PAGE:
Calls to curb the world’s depen­dence on fossil fuels have grown louder in recent years, and sci­en­tists world­wide con­tinue to push for break­throughs in the green tech­nology industry. Last year, five North­eastern Uni­ver­sity engi­neering stu­dents found them­selves in the heart of this global issue—designing a low-​​cost biore­actor that pro­duces clean biofuels.

The stu­dents — Dave Chris­tianson, Eliz­a­beth Duffy, Bryan Keen, Andrew Maz­zotta, and Jameson Stark —were tasked with their senior cap­stone project by Joule Unlim­ited Inc., a Cam­bridge, Mass.-based firm. The company’s tech­nology involves col­lecting sun­light and waste carbon dioxide and con­verting it into clean, renew­able energy using spe­cially designed microbes. The process takes place in a biore­actor, where these engi­neered organ­isms syn­the­size and secrete liquid bio­fuels in large volumes.

Their project strongly aligns with Northeastern’s research mis­sion to solve global chal­lenges, with a focus on sus­tain­ability, health, and security.

It kind of encom­passed every­thing we’d learned over the years into one project, which was very appro­priate,” Chris­tianson said.

The cap­stone evolved out of a co-​​op Keen com­pleted at Joule in spring 2010. During his expe­ri­en­tial learning oppor­tu­nity, Joule offi­cials offered Keen the chance to design a lab-​​scale biore­actor that pro­vides an optimal envi­ron­ment for pro­ducing bio­fuels effi­ciently. The design had to allow for vari­a­tion of key para­me­ters such as light inten­sity, tem­per­a­ture, and sparging (intro­ducing air and carbon dioxide into the microbe cul­ture) so that var­ious envi­ron­mental set­tings can be used to test microbe productivity.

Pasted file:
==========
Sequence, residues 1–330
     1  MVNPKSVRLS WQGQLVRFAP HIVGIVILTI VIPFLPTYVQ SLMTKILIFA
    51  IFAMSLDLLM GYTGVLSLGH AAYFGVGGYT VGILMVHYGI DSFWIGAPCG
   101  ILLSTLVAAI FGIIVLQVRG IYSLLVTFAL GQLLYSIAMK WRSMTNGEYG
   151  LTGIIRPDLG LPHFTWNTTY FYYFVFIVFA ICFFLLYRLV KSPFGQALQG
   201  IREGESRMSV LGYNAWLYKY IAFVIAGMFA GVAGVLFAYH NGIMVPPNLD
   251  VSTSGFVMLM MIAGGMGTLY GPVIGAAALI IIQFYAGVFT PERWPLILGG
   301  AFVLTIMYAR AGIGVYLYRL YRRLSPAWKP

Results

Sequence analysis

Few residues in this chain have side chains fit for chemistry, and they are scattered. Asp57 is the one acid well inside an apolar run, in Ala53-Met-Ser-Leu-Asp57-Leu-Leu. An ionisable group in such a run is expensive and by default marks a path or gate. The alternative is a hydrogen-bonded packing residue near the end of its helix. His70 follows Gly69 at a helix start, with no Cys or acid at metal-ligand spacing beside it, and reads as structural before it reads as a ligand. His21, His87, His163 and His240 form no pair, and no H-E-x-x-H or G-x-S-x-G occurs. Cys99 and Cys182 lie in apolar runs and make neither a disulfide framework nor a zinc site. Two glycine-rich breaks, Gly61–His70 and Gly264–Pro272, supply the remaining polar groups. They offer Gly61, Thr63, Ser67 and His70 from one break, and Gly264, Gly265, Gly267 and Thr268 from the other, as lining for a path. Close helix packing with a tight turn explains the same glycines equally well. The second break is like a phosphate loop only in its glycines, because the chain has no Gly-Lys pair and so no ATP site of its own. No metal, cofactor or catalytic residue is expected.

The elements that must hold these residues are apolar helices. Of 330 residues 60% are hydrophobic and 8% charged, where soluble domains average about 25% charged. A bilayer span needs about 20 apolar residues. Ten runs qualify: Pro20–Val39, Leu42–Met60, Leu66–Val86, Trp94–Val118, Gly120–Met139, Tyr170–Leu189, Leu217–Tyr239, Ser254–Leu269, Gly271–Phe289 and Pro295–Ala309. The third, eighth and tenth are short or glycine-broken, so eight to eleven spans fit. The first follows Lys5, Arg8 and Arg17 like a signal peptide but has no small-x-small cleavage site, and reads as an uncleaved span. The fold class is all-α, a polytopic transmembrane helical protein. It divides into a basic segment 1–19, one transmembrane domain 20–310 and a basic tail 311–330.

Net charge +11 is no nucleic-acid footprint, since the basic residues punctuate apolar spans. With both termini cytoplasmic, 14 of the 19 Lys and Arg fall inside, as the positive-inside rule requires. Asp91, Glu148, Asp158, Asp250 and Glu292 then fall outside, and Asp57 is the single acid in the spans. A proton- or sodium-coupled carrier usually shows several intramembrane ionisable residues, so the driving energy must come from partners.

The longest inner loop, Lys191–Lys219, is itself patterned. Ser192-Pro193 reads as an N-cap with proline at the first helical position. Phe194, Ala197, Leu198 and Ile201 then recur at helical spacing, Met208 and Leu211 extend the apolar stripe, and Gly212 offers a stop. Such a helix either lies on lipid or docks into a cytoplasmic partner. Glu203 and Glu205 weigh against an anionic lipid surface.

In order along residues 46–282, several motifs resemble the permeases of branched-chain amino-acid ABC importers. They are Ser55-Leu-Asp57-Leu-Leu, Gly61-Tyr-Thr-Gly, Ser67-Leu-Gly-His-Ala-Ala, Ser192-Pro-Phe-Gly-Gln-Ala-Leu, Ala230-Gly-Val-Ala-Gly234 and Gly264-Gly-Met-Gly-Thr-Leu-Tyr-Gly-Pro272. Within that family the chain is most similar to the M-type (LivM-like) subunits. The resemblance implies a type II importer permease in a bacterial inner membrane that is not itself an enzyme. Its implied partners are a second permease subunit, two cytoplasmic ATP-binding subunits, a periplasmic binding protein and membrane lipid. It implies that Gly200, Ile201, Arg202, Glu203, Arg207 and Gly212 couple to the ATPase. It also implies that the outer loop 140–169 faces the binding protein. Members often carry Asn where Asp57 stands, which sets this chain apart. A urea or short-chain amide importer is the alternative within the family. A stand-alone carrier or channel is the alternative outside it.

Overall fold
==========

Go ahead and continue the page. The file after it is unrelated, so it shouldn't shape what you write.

The final design was the result of months of hard work and col­lab­o­ra­tion to opti­mize each com­po­nent and bring them all together to devise an elab­o­rate, high-​​tech unit. “That’s what engi­neering is, making those little tweaks that make every­thing work,” Maz­zotta said.

The stu­dents said they also devel­oped a strong work ethic throughout the process, and as Jef­frey Ruberti — an asso­ciate pro­fessor of mechan­ical and indus­trial engi­neering who served as the stu­dents’ adviser — pushed them to back every­thing up with math and theory, their con­fi­dence grew.

This group did an amazing engi­neering job. They really dug in,” Ruberti said.

The mini-​​bioreactor project was truly mul­ti­dis­ci­pli­nary, requiring knowl­edge of fluid mechanics, heat transfer, mechan­ical design, optics, and instru­men­ta­tion, along with some biology. The stu­dents clearly worked hard and their resulting design is impres­sive,” said Stuart Jacobsen, an engi­neer at Joule.